Meet practice goals by involving your entire team. Here’s how

If you want to increase optical sales, stop talking to whoever sells eyeglasses, and start talking to everyone else on your team.

This scenario is common: You return from a motivating presentation and meet with your staff to recap it. “I attended this great lecture about how we can increase second pair sales. All the opticians have to do is . . .”

Within seconds, your technician, receptionist and insurance biller are texting and checking social media sites on their phones. That’s because the earth-shattering idea was presented from the wrong perspective.

A better way to present it would have been, “I attended this great lecture about how we can all work together so our patients have an even better experience, quality of life and enjoy working with our office even more.” A key point is that the goal is to improve the patient’s life, not sell more glasses. Of course, this approach assumes that your practice is laser focused on the patient experience. Expecting that’s the case, let’s continue.


Start by presenting a previous example of how two pairs of glasses unequivocally lead to a patient having a better experience. You might say, “Remember last week, when Mr. Engineer picked up his computer glasses, took out his notebook computer and said, ‘This is going to be life changing for me!’ We now have the opportunity to do that with even more patients.”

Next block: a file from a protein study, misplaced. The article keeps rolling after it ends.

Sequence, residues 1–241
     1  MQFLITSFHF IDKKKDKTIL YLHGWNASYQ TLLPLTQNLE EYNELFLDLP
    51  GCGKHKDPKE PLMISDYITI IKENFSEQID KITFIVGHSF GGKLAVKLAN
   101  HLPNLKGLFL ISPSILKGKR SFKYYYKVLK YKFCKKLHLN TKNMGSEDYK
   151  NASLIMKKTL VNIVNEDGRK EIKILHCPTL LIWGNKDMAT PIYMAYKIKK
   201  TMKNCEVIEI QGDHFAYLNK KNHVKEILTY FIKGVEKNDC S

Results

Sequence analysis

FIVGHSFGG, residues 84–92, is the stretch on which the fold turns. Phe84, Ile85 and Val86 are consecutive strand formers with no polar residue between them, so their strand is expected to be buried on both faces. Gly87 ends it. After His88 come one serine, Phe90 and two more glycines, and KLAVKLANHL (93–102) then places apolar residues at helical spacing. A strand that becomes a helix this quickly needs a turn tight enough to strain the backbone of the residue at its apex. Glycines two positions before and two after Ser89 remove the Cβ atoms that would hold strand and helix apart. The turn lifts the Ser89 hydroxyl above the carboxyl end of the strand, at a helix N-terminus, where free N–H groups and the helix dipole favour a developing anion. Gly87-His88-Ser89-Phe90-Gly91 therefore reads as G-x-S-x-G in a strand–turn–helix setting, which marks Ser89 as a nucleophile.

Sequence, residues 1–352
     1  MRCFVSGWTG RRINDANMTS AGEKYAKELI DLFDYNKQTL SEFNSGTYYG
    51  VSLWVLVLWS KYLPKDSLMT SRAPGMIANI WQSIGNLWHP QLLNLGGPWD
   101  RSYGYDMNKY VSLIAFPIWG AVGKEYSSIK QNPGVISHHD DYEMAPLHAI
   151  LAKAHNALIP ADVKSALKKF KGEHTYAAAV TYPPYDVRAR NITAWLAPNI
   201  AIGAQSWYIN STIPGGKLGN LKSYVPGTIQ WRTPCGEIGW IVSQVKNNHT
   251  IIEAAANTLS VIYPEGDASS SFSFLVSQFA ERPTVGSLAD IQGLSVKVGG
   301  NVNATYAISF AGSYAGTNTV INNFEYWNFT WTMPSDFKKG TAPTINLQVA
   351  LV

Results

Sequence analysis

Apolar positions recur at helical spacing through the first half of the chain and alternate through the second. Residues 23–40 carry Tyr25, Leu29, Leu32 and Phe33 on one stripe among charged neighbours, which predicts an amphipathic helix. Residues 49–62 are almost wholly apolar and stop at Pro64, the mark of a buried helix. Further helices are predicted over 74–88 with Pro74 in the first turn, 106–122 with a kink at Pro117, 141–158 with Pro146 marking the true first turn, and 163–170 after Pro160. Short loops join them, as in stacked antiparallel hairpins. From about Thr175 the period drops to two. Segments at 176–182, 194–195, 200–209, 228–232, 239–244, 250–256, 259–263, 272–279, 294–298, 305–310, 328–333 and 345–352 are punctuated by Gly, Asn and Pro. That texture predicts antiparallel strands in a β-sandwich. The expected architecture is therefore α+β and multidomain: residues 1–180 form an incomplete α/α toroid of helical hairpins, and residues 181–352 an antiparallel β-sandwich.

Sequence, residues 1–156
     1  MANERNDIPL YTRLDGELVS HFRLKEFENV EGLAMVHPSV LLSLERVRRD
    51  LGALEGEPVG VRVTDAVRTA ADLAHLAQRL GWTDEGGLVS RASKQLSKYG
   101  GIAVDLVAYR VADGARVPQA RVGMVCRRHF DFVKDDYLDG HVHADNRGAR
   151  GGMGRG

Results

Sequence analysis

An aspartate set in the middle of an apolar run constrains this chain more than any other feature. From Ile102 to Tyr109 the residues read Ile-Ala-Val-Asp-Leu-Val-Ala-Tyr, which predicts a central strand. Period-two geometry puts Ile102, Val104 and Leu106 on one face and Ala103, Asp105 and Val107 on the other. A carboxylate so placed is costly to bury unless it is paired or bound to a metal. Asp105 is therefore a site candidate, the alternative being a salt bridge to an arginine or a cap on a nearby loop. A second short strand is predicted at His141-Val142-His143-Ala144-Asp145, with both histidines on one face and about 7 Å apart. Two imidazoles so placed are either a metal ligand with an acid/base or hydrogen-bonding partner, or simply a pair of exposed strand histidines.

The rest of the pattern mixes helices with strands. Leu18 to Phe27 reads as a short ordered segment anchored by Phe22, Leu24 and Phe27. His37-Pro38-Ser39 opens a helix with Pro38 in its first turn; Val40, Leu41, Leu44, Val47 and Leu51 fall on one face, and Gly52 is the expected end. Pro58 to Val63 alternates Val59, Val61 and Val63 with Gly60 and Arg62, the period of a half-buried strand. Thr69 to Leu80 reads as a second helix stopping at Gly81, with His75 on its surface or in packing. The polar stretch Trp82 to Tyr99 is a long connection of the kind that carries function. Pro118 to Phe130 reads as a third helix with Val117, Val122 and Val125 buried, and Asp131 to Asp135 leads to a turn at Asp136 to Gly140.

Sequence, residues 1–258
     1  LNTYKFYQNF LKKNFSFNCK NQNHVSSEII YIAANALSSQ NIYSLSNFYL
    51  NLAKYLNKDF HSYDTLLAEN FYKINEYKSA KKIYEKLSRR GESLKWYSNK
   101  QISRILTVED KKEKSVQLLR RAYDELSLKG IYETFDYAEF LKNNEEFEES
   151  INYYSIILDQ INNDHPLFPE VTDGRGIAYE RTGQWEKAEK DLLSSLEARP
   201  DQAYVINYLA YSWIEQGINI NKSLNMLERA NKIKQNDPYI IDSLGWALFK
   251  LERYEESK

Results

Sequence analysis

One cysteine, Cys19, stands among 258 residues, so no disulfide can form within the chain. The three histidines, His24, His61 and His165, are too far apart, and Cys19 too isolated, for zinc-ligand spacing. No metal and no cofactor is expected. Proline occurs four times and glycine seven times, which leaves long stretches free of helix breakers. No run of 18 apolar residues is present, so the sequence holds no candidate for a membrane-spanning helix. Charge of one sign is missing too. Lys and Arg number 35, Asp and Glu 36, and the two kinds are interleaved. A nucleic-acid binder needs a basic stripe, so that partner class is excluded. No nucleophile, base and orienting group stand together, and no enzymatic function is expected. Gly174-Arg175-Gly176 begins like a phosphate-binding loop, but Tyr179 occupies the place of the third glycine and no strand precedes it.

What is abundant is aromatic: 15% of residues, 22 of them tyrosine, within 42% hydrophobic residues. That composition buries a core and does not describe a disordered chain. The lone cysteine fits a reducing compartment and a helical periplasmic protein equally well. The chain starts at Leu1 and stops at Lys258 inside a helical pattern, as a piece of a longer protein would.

Next, discuss what a patient journey looks like and where each staff member can contribute to augment that journey. For example, ask your receptionist, “While booking an appointment, is there a time that makes sense to discuss the second pair of glasses? For example, if you asked the patient’s occupation and found he was a carpenter, would it make sense to ask him whether his safety glasses prescription is up-to-date?”

For your technicians you might ask, “During the pre-test sequence, where would be the best place to have a similar discussion with the carpenter? For example, after you have taken retinal photographs and are waiting for the flash in the second eye to dissipate, might that be an opportunity to say, ‘Our receptionist asked you to bring in your safety glasses. Can I take a look at them, so I can check the prescription?’”

We are not ignoring your eyeglass selling team with this approach. Rather, we are trying to create a team atmosphere that supports the needs of the patient and has all staff members paddling in the same direction. Done properly, the process of selling eyeglasses moves toward taking orders for eyeglasses because patients ask for them.


This approach can be used with any product or task. For example, ask everybody but your receptionist, “How can we decrease no-shows?” Ask everybody but the person responsible for insurance billing, “What can we do to decrease rejected claims and to increase the frequency of getting paid correctly?”

There are two benefits to this approach: It allows those not doing the task to appreciate what other staff members go through every day. Those who do not do the tasks every day are in a unique position to contribute ideas. In this case, “Not knowing what they don’t know” is a benefit to the process. OM